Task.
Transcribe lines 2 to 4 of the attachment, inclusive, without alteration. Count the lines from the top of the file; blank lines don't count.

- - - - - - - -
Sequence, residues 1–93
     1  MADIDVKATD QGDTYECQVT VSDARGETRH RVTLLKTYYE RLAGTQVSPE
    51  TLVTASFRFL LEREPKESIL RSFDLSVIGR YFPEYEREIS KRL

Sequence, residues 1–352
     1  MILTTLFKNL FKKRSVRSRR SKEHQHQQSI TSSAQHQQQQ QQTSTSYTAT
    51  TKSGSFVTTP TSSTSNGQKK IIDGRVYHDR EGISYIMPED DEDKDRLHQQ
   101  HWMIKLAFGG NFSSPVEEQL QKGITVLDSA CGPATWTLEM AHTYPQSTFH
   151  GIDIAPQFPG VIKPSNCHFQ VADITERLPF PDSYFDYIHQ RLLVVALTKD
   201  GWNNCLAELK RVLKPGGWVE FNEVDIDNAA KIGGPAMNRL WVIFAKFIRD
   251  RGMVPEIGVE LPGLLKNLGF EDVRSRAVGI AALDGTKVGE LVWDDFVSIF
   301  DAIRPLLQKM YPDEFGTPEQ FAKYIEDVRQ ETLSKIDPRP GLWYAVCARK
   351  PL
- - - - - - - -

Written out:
     1  MADIDVKATD QGDTYECQVT VSDARGETRH RVTLLKTYYE RLAGTQVSPE
    51  TLVTASFRFL LEREPKESIL RSFDLSVIGR YFPEYEREIS KRL

Sequence, residues 1–352